If you have not heard Tord Gustavsen's seminal albums this will be, for the most part, a musical joy and a refreshing experience as you discover a quiet but powerful force in contemporary music. Gustavsen and his musical partners are treading on slightly new ground, replacing some of the very melodic and lyrical expressions from previous albums (especially the first three) with a more sombre and introspective style. Gustavsen fans will note the continued use of his trade mark phrasing that fuses tango and flamenco with a blend of instrumental expression that is lacking the macho and senseless speed of modern jazz. The album will reward fans of music and not the devotes of genres of musical this-or-that, it requires a measure of patience and cerebralism and rewards with intoxicating strands of notes, rhythms and harmonies that are not quite jazz nor quite classical. Modern his music is, but it owes much to musical routes that are not tied to jazz.

The Tord Gustavsen Quartet is Gustavsen (piano), Tore Brunborg (saxophone), Mats Eilertsen (double bass) and Jale Vespestad (drums). They play with what sometimes sounds like a telepathic connection, the music is flowing, never forced, the instruments synergistically apply themselves without any clear lead or a dominant member. Gustavsen's melodies veer from tango to classical, from arabesques to flamenco to jazz in a seamless style that is never exaggerated or sounds gimmicky, the sound is understated but never dull. It’s as musical as it is lyrical and tuneful.
Extended Circle will satisfy music lovers who wish to explore how much can be encompassed and expressed in just a few notes. I have listened to the album four times due to some heated debate with the esteemed editor regarding its euphonic qualities, and it sounds richer and more engrossing with each session.  For those who own Gustavsen's previous albums please note, the sound quality of the recording is different. The album has a warmer less open sound than the last one, it isn't worse, it is just quite different. It means that you can enjoy the album with not a single iota of fatigue at the high volume levels that it sometimes requires. Instruments are accurately placed in the sound stage and the ECM recording avoids an unrealistically wide piano effect which is common to many recordings. To my ears Right There (1), Staying There (5), The Embrace (9) and Glow (11) are the best pieces on the album and are the equal of Gustavsen’s best work. The Embrace, however, takes the gong and best demonstrates the ability of these four musicians to create a very special and compelling musical statement, the like of which one rarely hears. If your collection includes both jazz and classical music you owe yourself an introduction to this musician.  For anybody who wishes to bathe in the glow of musical creation at its best Extended Circle is highly recommended.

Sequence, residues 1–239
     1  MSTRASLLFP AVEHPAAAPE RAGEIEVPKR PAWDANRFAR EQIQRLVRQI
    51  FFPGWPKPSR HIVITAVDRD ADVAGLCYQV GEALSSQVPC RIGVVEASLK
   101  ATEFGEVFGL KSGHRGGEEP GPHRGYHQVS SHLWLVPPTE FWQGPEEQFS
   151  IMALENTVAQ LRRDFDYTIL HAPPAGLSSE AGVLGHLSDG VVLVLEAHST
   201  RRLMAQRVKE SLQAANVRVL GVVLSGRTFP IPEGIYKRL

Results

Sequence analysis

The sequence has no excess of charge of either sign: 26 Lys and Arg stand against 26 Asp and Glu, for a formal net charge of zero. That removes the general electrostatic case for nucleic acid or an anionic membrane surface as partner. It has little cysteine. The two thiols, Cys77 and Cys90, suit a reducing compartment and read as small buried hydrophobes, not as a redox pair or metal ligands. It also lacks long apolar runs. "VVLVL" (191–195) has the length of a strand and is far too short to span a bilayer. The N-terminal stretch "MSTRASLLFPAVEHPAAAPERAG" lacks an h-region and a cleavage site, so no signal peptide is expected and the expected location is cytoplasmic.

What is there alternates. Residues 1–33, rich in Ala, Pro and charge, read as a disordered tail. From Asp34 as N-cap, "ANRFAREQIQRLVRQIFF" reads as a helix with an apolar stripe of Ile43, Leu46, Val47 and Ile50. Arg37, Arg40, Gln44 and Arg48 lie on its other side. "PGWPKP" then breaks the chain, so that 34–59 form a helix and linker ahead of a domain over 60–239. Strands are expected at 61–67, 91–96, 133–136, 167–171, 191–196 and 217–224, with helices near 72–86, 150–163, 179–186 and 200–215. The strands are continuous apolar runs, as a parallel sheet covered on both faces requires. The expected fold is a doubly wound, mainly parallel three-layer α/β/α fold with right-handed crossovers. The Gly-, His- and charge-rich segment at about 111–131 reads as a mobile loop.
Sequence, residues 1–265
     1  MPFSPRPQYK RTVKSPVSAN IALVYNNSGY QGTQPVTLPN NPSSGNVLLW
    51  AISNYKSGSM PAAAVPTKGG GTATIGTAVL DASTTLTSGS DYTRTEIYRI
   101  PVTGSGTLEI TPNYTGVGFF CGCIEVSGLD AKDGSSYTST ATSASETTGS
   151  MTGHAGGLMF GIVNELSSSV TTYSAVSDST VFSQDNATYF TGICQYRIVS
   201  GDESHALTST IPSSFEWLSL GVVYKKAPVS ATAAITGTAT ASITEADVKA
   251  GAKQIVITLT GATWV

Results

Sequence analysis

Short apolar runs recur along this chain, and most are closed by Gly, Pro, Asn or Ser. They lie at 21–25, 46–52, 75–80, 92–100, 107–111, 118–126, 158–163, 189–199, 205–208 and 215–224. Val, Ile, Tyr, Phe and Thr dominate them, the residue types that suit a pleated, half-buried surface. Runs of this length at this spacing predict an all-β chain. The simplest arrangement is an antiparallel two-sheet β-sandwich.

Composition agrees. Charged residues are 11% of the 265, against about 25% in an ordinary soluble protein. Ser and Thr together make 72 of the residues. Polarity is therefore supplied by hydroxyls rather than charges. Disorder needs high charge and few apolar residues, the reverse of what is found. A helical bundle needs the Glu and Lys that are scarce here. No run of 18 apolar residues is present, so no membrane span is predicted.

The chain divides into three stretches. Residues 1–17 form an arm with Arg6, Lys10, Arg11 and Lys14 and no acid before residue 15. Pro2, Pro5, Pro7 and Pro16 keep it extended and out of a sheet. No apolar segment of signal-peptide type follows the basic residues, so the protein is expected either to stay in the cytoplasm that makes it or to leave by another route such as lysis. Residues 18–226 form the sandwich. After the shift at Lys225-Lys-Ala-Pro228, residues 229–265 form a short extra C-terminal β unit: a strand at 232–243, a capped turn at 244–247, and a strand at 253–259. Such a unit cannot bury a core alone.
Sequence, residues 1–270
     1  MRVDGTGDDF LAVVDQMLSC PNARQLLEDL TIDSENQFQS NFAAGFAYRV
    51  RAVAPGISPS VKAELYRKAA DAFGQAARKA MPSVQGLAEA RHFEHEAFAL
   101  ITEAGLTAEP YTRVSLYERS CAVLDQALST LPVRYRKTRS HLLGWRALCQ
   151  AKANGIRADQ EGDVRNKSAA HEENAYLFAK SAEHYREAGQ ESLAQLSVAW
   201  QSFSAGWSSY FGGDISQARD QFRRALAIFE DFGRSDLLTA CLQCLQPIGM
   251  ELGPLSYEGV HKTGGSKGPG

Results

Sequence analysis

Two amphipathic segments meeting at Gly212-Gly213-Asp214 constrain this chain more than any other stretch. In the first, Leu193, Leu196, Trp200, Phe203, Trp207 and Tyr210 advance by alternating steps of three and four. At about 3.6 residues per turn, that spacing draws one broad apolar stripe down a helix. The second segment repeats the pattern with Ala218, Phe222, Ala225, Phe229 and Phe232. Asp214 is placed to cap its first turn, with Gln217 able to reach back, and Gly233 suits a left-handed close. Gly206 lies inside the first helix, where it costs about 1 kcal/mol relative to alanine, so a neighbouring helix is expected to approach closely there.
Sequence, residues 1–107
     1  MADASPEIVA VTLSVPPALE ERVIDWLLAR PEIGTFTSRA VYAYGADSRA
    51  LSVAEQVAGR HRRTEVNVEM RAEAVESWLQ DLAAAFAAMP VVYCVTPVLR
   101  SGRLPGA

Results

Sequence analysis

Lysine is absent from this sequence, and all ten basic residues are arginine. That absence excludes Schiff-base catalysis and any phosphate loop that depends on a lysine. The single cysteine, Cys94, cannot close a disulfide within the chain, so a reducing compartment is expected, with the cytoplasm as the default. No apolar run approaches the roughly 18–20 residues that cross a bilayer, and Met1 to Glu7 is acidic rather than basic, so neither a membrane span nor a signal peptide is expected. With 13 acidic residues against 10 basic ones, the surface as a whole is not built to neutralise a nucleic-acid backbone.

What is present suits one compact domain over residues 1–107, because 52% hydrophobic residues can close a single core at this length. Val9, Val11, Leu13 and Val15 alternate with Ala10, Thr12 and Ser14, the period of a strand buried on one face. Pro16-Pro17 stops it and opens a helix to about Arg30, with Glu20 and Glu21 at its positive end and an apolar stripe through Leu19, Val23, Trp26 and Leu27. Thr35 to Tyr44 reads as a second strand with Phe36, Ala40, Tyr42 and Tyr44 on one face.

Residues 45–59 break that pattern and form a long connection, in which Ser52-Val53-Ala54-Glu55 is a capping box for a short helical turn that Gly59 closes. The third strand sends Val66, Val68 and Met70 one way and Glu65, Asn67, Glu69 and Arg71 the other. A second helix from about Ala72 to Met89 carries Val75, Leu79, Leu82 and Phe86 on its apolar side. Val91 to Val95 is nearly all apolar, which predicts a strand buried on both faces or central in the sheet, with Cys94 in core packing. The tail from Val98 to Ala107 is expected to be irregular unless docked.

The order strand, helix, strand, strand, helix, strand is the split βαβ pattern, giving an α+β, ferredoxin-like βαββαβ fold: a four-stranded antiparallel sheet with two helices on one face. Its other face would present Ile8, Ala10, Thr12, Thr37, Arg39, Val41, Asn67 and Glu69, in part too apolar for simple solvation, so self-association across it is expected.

Reuben Klein


Concerts Bregenz/München

15 Jan 2014
Keith Jarrett

These two concerts were recorded in 1981 but the full Munich performance has never been previously released. They came shortly after what would become the height of Jarrett's commercial success with The Köln Concert and followed the Sun Bear Concerts. Bregenz and Munich were performed five days apart, hence there are versions of the same pieces at both venues. This was the era when Jarrett had the confidence to idle between bursts of intensity, to coast while waiting for the muse to strike. An approach that yielded a broad range of results from the sublime to the demonic. He combines influences as diverse as Bach, Delius, Evans and Nancarrow and gets closer to boogie woogie than usual in the process. He is also clearly enjoying himself, stomping on the stage and playing in a very physical style, accompanied no doubt by gurning for the rapturous audience. They were right to get excited though, at their best both concerts offer up a master at the peak of his powers, a man totally in the moment, providing a conduit to a world beyond words. You can hear why Bregenz came out first, it's full of exuberance, dynamics and moments of serene beauty, but the full Munich concert is a treat for those of us that are hungry for Jarrett at his best.